In terms of structure, content and style, Lenskyj’s article leaves much to be desired. Structurally it is often contorted, repetitious and meandering, leading to either vagueness or misunderstanding. A partial outline of the topics presented is a simple indicator of this: Manliness/femininity, medical issues, masturbation phobia, femininity, physical education systems, organisations, clothing, masturbation phobia, femininity, university opportunities, organisations, clothing, university opportunities, clothing, physical education systems. . . . As we see, the organisation is not topic based. The specific period mentioned in the title suggests a chronological structuring, but this is only true in the final sections. One particular paragraph demonstrates not only the dislocation of topics, but also the lack of chronological structure: beginning with University opportunities for women and locating itself in the first decade of the twentieth century, the paragraph concludes in 1899 with a discussion of bathing costumes. Elsewhere the focus is upon ideas which are often given no chronological context. This can lead to serious confusion. The 1910 Public School Hygiene text book, for example, warns against tight clothing. This is followed by an undated “masturbation-phobia” related warning also against tight clothing. Confusion continues, for we are shortly told that tight clothing was used as a method of restricting movement and so keeping women’s sports “ladylike.” If both text books and medical opinion warned against tight clothing, how might we explain the suggested employment of such? Is this employment prior to consensus? The outline of topics also indicates a tendency we see in the sources: although title and thesis suggest that the subject is Ontarian school girls during the stated period, the content of the paper actually has little to do with either. Not only this, but the thesis actually states that domestic science was employed jointly with the systemisation of physical education in order to institutionalise “gender-role socialisation.”(187) Not only is domestic science then entirely cast aside, but the final paragraphs show decided advancements in women’s sports, thereby undermining the thesis. The confusion we have discovered in structure, historical context and content is not so much an issue at the more fundamental level of language. Lenskyj’s sentences and syntax are generally ordinary, though, as we shall shortly see,  exceptional use is made of diction and even punctuation.

We now come to the major problem with Helen Lenskyj’s article. It quickly becomes apparent that her aim is not so much to shed light upon the subject or period of the essay, but the fulfilment of an agenda. That agenda is the expression of feminist philosophy. For this reason, historical context, as we saw above, is often deemed unnecessary, for it the indicative value of information which Lenskyj most values. Facts then become a means of implicitly expressing feminist notions. Tight clothing can be used therefore both to demonstrate male fears of female auto-erotic stimulation--meaning that such restrictive garments are not recommended; but also to demonstrate the male desire to keep women feminine and less able to challenge male superiority in physical activities--meaning that tight garments are an asset. This seeming contradiction is no contradiction at all, for it is only the indicative value of facts in so much as they express the feminist position that is of value. The hidden agenda--though such blatancy is hardly hidden--also leads to serious omissions. A physiology textbook--which notably has neither name nor date--suggests that bust development was one of the goals of physical education for women. Such a statement only has value within the context of feminism, and the omission, which might undermine that value, is any similar expression regarding boys’ physical education. It is difficult to believe that muscle development--as much a part of manliness as the bust is a part of womanliness--was never mention in physical education literature of the time. Lenskyj also make a point of stressing that men and women shared common swimming pools, but that women could only have access on designated ladies’ days. There are two omissions here: firstly how many days were ladies’ days and what percentage of clientele were ladies? Perhaps this information would lead to the conclusion that an equally fair statement would have been that men only had access during designated men’s days. Besides omissions, which are numerous, Lenskyj occasionally makes entirely outrageous conclusions. One such instance is the assertion that wearing hats and gloves during bicycle riding somehow keeps the event and participants lady-like. It also fails to mention that men also at that time wore hats and gloves. Also the idea that winning, in girls’ sports, should be secondary to  educational value suggests to Lenskyj another example of gender differentiation, despite the fact that the traditional definition of good sportsmanship always placed more importance on playing fair than winning. But it is in the area of language that Lenskyj demonstrates most often her feminist agenda. This occurs in a number of ways, but we shall focus upon punctuation and diction. It quickly becomes apparent that the quotation mark is used as something more than an indication of quoted material. Repeatedly it is used in a manner which, though not unorthodox, is decidedly rare: that is to indicate special significance. It is a device which Lenskyj uses so often and to such similar ends that it actually becomes a code and directs the way in which we understand the words. Simply speaking, the code instructs us to read whatever is enclosed within these special significance quotation marks as a negative. Such words and phrases include: manliness, feminine woman, masturbation-phobia, acceptable, health and beauty, bust development, narrowed waist, excessive exercise. . . . We are to read each of these as an example of male opinion which is not reasoned but deliberately against the betterment of women. Accordingly:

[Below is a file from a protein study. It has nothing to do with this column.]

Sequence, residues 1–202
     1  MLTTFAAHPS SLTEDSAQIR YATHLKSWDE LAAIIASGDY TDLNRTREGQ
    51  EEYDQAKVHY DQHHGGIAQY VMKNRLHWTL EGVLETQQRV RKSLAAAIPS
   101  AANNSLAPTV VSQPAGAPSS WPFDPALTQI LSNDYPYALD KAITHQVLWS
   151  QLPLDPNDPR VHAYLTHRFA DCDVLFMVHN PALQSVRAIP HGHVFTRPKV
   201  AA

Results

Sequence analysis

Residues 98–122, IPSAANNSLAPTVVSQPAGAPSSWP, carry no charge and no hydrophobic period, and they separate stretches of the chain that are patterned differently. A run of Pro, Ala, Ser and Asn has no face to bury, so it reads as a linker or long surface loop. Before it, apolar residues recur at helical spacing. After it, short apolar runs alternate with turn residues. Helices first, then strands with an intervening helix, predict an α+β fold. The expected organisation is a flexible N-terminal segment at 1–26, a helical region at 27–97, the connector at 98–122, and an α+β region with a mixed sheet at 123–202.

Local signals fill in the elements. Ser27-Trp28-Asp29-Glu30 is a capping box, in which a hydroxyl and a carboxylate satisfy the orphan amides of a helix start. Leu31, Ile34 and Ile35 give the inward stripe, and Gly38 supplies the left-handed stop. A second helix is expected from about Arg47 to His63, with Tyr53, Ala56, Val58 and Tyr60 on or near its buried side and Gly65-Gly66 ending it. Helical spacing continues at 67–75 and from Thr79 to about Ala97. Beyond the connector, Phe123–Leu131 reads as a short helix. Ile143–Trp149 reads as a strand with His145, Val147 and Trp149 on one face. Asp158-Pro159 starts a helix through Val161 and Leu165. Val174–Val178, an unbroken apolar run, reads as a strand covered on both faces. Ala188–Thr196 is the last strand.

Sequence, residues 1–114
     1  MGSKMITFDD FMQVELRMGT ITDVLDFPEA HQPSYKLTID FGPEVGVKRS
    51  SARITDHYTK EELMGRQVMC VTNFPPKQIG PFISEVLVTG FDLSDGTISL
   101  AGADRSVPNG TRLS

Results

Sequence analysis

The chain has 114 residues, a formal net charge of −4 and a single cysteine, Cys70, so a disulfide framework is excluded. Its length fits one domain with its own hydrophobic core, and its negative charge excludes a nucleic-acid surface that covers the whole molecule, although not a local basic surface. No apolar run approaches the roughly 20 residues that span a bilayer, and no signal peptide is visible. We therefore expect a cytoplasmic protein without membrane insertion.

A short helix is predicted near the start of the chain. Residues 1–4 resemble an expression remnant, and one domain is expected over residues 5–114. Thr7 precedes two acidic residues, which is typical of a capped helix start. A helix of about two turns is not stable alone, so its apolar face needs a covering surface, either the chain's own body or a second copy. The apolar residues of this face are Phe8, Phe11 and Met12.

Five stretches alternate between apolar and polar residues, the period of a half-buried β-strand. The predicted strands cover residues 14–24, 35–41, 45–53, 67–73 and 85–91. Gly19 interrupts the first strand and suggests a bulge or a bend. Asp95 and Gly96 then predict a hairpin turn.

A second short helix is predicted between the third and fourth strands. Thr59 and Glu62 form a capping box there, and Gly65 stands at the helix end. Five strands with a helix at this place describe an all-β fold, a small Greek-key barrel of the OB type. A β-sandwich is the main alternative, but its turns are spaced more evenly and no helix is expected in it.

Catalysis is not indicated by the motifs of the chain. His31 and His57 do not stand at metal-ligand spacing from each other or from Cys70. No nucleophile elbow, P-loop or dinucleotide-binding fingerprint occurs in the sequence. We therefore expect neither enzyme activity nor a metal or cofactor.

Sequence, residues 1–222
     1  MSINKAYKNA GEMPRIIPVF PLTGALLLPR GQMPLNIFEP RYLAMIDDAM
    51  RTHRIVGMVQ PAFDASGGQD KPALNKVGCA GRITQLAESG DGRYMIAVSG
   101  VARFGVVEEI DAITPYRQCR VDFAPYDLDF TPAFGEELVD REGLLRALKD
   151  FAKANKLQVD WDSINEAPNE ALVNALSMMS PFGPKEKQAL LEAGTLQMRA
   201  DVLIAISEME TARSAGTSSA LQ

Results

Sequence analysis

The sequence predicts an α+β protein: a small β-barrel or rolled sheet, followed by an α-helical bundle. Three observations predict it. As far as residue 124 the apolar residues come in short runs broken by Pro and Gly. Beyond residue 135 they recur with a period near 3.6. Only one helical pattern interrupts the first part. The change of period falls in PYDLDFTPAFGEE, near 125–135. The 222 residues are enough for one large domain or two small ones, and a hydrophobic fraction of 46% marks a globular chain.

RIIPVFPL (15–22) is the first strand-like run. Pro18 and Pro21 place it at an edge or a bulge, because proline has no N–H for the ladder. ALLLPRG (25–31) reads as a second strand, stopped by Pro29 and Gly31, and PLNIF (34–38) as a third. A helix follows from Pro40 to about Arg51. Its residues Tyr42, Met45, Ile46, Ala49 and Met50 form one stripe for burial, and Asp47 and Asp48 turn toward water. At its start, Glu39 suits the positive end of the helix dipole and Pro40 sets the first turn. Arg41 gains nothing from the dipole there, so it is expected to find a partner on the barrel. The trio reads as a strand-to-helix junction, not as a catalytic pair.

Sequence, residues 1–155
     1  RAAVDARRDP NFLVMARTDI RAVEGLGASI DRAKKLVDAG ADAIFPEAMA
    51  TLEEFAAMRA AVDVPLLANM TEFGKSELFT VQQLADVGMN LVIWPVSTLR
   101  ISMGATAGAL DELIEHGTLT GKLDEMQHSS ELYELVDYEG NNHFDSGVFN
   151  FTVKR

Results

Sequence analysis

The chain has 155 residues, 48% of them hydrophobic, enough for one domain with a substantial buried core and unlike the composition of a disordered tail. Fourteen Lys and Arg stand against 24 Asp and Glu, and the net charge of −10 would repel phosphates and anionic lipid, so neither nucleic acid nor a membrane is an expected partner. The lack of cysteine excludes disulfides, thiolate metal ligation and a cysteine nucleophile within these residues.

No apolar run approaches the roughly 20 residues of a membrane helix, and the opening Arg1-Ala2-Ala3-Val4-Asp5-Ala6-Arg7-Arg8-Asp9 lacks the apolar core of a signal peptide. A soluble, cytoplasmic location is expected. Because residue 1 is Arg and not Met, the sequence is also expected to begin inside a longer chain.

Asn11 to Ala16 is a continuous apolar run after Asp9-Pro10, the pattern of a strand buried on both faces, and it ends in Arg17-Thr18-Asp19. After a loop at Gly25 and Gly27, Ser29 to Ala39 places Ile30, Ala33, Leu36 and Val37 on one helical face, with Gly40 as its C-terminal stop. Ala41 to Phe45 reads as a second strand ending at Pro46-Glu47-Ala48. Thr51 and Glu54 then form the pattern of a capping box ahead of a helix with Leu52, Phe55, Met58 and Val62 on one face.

. . . these exercises involved the use of dumb-bells (which the reader was advised should be “too light” rather than “too heavy”) . . . (189)

demonstrates not the common sense which we recognise, but the expression of male superiority, authority and condescension which the code instructs us to read. In terms of diction also the feminist agenda is displayed, most particularly in the use of loaded words. Thus, rather than using the standard terms: batons and hoops, Lenskyj instead uses “wands”(189) and “small rings” thereby suggesting the lightness of the objects and the implied male view of female weakness. Even bean bags cannot simply be bean bags but must likewise be light objects. Thus, baggy and close fitting clothes become “volumous and constrictive clothing.”(191) Thus, wearing stocking is described: “. . . the legs were concealed by black stockings.”(192) Notice also the objectification achieved by “the” legs--again suggesting a malicious male point of view.

If we examine both the title and the thesis statement, than we must admit that the main subject, school girls in Ontario between 1890-1930 was not adequately explored--in fact it was barely explore at all. Regarding the general thesis that the formalisation of physical education supported the institutionalisation of gender differentiation as manifest by the separate roles of men and women in society, then clearly this was handled with more success, though the progress which we see, particularly in the 1920s does suggest both of the weakness of the plan as well as the thesis itself. It is, of course, in the expression of the feminist view that Lenskyj achieves her greatest success.

Works Cited

Helen Lenskyj “Femininity First: Sports and Physical Education for Ontario Girls, 1890-1930” Sports in Canada: Historical Readings.